Jacopone of Benedetti was born in Todi in a noble family around 1230. After studying law in Bologna, he launches himself in the notary career working in the same city. According to tradition, in 1268, his wife accidentally dies in the collapse of a floor. The following moment of pain and confusion, in some way increased by the discovery that his wife was using tools of penitence, determines a radical change in the behavior of Jacopone of Todi. After abandoning his work and the people who, up to that time, had surrounded him, he starts a way of public penitence and humiliation.
According to tradition he has gestures of almost madness, for example he arrived to a banquet walking on his knees, or to the brother's wedding he presented himself undressed, covered of fat, and wrapped up in feathers. In 1278 he enters in the Franciscan Order as a laic friar. In this period the Order has to face some internal rivalries between the fraction of the "Conventuali" sustained by Pope Bonifacio VIII, who would like to reduce the rigor of the rule of San Francesco, and the group of the "Spirituali" who is making pressure in order to maintain unaffected the spirit of the Order. Jacopo, obviously, considering his experience of penitence, is part of the last group, and together with the cardinals Jacopo and Pietro Colonna does not recognize the validity of the election of Bonifacio; this provokes as first reaction the excommunication, then the imprisonment(1298) from which only the new Pope Benedetto XI(1303) can free him. The friar spends, at last, his last years in the Convent of San Lorenzo of Collazzone near Todi where he dies in 1306.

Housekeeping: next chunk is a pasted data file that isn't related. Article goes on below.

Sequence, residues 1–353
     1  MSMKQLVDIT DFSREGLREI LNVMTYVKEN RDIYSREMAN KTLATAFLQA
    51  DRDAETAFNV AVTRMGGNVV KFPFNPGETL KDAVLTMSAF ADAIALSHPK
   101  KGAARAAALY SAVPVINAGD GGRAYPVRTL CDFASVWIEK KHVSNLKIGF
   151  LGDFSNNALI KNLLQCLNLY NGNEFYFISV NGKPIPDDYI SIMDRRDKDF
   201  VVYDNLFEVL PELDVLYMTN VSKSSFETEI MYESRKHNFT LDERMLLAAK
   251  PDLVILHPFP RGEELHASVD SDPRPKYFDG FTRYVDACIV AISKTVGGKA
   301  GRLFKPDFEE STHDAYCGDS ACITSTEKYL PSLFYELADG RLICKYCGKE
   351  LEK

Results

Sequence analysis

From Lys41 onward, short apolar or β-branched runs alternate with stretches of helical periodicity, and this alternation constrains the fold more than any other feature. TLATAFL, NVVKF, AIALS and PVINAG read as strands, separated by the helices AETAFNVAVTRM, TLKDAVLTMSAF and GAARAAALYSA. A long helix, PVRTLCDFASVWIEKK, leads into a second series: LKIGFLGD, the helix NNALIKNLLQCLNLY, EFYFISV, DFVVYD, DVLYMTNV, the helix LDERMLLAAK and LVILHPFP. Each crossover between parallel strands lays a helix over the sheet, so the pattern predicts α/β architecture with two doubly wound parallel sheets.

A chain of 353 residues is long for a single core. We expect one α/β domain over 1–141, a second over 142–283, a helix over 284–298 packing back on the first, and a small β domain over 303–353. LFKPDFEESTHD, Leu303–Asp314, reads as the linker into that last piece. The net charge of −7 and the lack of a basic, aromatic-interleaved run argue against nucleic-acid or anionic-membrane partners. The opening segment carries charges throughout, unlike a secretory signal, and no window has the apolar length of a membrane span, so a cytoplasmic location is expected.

The most insignificant Todi citizen of the Middle Ages is the author of numerous "Laudi", typical compositions of the period in some way similar to the Canticle of the Creatures of San Francesco and probably inspired by this last one. However the tone of the poet is less happy and mystic, having in part lost the harmony with nature and with the world which characterizes the glow of San Francesco. His poetry is instead dominated by a more material and painful conception, obviously fruit of the misadventures that signed the life of the author.